“Opprimere!” A red flash of light burst from the man’s outstretched hand.
“Scutum!” the girl cried.
There was a flash of blinding white light as the two spells met. The girl trembled. The red light grew stronger. A fierce wind blew back the girl’s long hair and stirred her skirts. Her magic shield wavered.
“You’re not concentrating!” said the man, lowering his hand. The red light disappeared.
The girl let go of her shield. “I am,” she said.
“No,” the man removed his cloak and threw it onto a chair near the door, “You’re not.” His dark eyes examined her face. She blushed, tucking a stray lock of brown hair behind her ear and looking away. “What is it, Essylt? What’s bothering you?”
“Nothing!” the girl said, still not looking at him, “I thought you were going to teach me to do magic.”
“You can’t even hold a simple shield spell,” the man said.
“I did so! Your spell didn’t get through.”
“It would have if I’d pressed any harder. Listen, Essylt, I want to help you—you’ve got strong magic in you. But if you let yourself be distracted by the outside world, you’ll never be able to learn what I have to teach.”
Essylt sat down on the cold stone practice floor, her skirts fanning out around her and the tie of her cloak choking her. Undoing the clasp, she allowed her cloak to slip from her shoulders. Still she refused to look at her teacher.
He came and knelt in front of her.
“You can do this,” he said softly, “So why won’t you let yourself?”
There were tears in her eyes—one blue, one green—as she looked up at him. She examined his pale face, stark against his black clothes. His black eyes were fixed on her absolutely, and full of concern.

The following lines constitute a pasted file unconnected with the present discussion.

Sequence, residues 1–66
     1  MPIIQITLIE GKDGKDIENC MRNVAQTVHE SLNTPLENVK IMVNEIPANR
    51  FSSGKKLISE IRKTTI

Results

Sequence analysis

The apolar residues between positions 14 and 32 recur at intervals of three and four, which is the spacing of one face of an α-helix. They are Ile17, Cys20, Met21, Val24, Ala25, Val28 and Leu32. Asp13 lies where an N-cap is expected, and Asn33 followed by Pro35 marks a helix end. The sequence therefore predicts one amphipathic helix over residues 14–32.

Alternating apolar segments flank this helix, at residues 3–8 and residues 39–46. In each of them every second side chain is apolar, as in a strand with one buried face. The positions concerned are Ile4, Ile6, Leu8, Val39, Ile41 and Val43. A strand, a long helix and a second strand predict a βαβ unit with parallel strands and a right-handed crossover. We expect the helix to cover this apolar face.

“There’s something you need to know,” she whispered, “I--”
The door opened and a young page poked his head in.
“Excuse me, Professor Ailen?”
Ailen watched Essylt for a moment longer, before turning to the curly-headed page. “Yes?”
“Professor Fontayne needs you, sir.”
“Oh, very well. Tell him I’ll be along shortly.” Ailen turned back, but Essylt was gone.
“How’d it go?” The slight man waiting in the shadows asked as the girl approached. There was a touch of anxiousness in his words.
“I didn’t tell him,” Essylt said, not stopping but walking past the man. He fell into step beside her.
“Good,” he said, “Do you have any idea what Val would do to you if you gave up the plan?”
“I’m not a moron, Marden.”
“I was beginning to wonder, all that talk about coming clean. How’s the class going?”
“He says I’m never going to learn magic if I can’t focus.”
“Well, then, focus.”
Essylt shot Marden a disgusted look. “Easier said than done,” she said.
“We don’t have much time here, Essy.”
“I do have enough magic to blow you up if I want to.”
This remark silenced Marden. They continued through the trees—and in the darkness, Marden didn’t see the tears slipping down Essylt’s face.
Today's Novel Idea Inspired by: Picture above, courtesy of Dieki's Dreamings.